I do, and I wish sometimes I could turn off my editing instinct.
For instance, last week I reread Pride and Prejudice. Everything was fine until I reached chapter 10. There, the heroine, Elizabeth, is sparring verbally with Mr. Darcy, a stranger to whom she has taken a dislike, when the author reveals that “Darcy had never been so bewitched by any woman as he was by her.”
Now, had I been Jane Austen’s editor, I would have told her to leave out this line and all future lines alluding to Mr. Darcy’s falling in love with Elizabeth Bennett. Instead, let us, the readers, discover that Darcy is in love with Elizabeth the same way Elizabeth does, with his abrupt proposal of marriage. To Elizabeth, this proposal comes out of nowhere, but not to us. Since we, the readers, are identifying with Elizabeth as we read, let us feel the same profound shock she does at this startling announcement.
Another book I edit as I read is War and Peace. Near its end, two of the main characters, Pierre and Natasha, meet up again after years separated by the Napoleonic Wars. That is where the book should end (spoiler alert) with them falling in love. Tolstoy should not have included the anticlimatical scene which occurs several years past that time.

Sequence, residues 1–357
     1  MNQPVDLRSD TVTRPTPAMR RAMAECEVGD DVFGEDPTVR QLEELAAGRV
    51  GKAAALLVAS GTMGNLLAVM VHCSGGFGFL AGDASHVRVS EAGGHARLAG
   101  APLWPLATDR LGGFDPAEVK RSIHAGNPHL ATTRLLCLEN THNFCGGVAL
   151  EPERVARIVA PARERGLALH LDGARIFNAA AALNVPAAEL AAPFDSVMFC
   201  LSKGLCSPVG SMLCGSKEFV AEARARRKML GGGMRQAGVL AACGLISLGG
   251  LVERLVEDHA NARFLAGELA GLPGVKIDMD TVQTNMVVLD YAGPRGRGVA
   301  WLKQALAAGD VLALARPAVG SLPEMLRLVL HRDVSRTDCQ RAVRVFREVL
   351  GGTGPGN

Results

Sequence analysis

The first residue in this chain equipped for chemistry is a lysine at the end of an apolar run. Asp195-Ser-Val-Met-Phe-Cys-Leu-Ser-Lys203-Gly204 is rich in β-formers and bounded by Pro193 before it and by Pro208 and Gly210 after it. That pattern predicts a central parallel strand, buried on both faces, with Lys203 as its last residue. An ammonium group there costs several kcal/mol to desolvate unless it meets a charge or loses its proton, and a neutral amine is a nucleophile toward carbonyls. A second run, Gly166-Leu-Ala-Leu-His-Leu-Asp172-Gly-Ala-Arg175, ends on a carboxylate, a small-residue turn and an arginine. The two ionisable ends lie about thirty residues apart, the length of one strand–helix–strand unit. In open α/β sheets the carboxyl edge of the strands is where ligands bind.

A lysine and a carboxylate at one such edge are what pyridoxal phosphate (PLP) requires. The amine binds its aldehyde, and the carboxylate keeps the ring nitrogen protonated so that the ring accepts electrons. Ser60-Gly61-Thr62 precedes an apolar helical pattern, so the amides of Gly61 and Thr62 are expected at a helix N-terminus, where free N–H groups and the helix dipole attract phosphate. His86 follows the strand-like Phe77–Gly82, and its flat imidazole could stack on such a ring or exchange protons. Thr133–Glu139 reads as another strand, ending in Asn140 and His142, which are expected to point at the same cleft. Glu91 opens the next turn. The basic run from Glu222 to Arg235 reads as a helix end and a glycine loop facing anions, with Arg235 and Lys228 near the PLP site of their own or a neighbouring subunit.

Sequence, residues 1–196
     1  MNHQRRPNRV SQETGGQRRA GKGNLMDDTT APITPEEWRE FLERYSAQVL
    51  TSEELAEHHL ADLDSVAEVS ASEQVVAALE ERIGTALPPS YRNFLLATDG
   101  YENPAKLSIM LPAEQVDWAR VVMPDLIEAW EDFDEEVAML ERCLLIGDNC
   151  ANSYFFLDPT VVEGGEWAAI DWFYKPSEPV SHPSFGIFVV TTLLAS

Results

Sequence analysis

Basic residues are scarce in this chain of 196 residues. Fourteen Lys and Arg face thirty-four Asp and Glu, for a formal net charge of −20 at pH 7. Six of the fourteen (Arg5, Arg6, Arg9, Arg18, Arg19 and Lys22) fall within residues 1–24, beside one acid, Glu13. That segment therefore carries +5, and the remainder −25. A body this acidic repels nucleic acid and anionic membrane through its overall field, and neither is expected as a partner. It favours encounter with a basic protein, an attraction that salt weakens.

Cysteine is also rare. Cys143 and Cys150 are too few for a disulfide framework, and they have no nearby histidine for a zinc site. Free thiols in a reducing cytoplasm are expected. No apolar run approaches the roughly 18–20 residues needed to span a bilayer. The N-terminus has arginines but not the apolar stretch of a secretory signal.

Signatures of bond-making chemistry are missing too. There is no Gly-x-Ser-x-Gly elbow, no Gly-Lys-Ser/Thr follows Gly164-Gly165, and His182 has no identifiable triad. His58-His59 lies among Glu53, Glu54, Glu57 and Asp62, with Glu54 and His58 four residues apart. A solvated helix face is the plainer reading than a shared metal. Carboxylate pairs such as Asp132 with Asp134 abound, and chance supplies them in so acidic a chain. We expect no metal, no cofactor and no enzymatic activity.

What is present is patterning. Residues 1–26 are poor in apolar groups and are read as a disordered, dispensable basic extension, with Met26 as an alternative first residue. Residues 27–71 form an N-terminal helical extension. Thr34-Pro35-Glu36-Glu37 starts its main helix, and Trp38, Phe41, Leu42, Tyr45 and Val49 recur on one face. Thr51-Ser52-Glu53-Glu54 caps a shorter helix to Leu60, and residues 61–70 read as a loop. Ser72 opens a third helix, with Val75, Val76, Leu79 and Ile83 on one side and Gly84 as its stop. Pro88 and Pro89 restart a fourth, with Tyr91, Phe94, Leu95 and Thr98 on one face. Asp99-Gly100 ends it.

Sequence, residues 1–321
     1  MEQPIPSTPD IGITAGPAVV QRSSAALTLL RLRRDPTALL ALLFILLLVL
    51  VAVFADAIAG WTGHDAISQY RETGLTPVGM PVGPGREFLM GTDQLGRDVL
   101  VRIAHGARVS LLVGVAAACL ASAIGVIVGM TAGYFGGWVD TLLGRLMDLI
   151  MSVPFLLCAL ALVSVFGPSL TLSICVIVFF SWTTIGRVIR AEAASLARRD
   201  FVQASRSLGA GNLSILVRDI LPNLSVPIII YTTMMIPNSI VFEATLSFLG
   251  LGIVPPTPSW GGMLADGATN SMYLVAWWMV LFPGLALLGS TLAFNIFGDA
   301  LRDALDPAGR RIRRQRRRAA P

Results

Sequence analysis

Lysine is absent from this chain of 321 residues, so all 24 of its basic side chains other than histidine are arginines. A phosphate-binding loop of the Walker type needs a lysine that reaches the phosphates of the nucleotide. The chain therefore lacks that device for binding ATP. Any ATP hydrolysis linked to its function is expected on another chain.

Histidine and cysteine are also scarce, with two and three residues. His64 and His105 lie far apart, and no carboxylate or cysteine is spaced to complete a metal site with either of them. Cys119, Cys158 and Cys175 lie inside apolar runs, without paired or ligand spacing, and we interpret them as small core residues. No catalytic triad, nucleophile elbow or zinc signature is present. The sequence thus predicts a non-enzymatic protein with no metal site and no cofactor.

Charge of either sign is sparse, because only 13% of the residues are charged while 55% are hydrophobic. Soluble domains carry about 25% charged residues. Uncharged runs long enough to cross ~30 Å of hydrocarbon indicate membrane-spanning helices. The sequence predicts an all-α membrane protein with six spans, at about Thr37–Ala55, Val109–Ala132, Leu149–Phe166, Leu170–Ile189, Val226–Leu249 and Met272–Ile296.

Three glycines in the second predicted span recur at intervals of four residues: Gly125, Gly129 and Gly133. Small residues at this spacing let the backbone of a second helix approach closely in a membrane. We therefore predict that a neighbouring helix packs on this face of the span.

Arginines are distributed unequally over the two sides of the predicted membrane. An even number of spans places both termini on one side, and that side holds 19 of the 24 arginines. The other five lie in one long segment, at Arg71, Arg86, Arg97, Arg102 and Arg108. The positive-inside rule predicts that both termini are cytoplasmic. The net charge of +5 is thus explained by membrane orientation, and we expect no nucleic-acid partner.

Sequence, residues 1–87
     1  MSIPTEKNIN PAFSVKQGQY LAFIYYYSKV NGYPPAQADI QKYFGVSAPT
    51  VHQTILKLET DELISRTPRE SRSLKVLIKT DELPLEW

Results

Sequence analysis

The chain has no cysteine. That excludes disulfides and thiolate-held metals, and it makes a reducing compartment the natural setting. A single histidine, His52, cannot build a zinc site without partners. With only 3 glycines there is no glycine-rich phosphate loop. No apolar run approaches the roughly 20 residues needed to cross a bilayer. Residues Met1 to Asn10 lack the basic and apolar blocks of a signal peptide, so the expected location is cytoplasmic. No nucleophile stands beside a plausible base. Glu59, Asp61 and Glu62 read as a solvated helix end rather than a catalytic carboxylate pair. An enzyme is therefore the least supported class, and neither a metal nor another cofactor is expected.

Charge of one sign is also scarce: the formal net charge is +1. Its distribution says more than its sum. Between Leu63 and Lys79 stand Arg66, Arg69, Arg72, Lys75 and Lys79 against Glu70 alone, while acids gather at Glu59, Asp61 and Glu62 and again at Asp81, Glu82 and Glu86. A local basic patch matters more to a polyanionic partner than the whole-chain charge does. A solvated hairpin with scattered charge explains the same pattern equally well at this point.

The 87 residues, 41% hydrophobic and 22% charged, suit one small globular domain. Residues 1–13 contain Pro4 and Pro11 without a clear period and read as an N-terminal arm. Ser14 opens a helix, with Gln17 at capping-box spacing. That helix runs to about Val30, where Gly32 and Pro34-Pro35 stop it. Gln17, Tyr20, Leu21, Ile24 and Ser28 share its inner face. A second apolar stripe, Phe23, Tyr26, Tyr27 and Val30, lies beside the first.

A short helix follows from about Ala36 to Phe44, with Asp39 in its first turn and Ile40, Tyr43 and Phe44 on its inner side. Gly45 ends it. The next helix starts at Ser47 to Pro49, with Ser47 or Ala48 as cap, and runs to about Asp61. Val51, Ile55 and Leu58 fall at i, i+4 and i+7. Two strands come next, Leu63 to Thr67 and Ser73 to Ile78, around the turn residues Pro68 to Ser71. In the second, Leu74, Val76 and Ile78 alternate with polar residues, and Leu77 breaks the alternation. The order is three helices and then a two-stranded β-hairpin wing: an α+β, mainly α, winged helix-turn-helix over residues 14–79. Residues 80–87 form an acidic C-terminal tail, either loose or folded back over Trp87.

Even Shakespeare doesn’t get a pass with me. Every time I reread Romeo and Juliet, I find Mercutio more fascinating than Romeo. But what does Shakespeare do? He kills off Mercutio in Act III. Ugg! What Shakespeare should have done was to recognize that he had created a mesmerizing minor character and made him the major character. He should have rewritten the play to have the man-of-the-world, Mercutio, fall for innocent Juliet. What a contrast!
But alas, Austen, Tolstoy and Shakespeare didn’t consult with me.